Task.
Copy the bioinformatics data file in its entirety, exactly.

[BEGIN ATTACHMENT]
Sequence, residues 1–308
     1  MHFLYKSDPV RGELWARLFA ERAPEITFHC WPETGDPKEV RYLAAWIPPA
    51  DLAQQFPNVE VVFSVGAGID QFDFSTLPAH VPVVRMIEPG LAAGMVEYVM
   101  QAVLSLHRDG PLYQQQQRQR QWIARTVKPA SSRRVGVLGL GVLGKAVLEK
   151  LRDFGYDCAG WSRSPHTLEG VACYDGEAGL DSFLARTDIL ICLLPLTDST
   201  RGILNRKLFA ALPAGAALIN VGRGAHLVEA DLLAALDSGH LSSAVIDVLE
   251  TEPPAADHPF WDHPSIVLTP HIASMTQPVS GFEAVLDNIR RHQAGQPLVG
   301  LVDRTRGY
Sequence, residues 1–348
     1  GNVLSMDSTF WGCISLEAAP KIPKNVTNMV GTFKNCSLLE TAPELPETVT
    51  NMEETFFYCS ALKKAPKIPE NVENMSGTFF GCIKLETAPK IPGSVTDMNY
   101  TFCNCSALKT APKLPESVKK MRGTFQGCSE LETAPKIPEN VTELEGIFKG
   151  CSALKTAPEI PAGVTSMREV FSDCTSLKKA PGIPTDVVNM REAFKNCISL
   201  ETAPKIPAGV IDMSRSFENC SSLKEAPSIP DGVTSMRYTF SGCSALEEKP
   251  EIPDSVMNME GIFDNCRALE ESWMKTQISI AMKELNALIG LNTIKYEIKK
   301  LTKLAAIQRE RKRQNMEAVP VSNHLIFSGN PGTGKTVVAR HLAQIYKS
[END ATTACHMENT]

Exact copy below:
Sequence, residues 1–308
     1  MHFLYKSDPV RGELWARLFA ERAPEITFHC WPETGDPKEV RYLAAWIPPA
    51  DLAQQFPNVE VVFSVGAGID QFDFSTLPAH VPVVRMIEPG LAAGMVEYVM
   101  QAVLSLHRDG PLYQQQQRQR QWIARTVKPA SSRRVGVLGL GVLGKAVLEK
   151  LRDFGYDCAG WSRSPHTLEG VACYDGEAGL DSFLARTDIL ICLLPLTDST
   201  RGILNRKLFA ALPAGAALIN VGRGAHLVEA DLLAALDSGH LSSAVIDVLE
   251  TEPPAADHPF WDHPSIVLTP HIASMTQPVS GFEAVLDNIR RHQAGQPLVG
   301  LVDRTRGY
Sequence, residues 1–348
     1  GNVLSMDSTF WGCISLEAAP KIPKNVTNMV GTFKNCSLLE TAPELPETVT
    51  NMEETFFYCS ALKKAPKIPE NVENMSGTFF GCIKLETAPK IPGSVTDMNY
   101  TFCNCSALKT APKLPESVKK MRGTFQGCSE LETAPKIPEN VTELEGIFKG
   151  CSALKTAPEI PAGVTSMREV FSDCTSLKKA PGIPTDVVNM REAFKNCISL
   201  ETAPKIPAGV IDMSRSFENC SSLKEAPSIP DGVTSMRYTF SGCSALEEKP
   251  EIPDSVMNME GIFDNCRALE ESWMKTQISI AMKELNALIG LNTIKYEIKK
   301  LTKLAAIQRE RKRQNMEAVP VSNHLIFSGN PGTGKTVVAR HLAQIYKS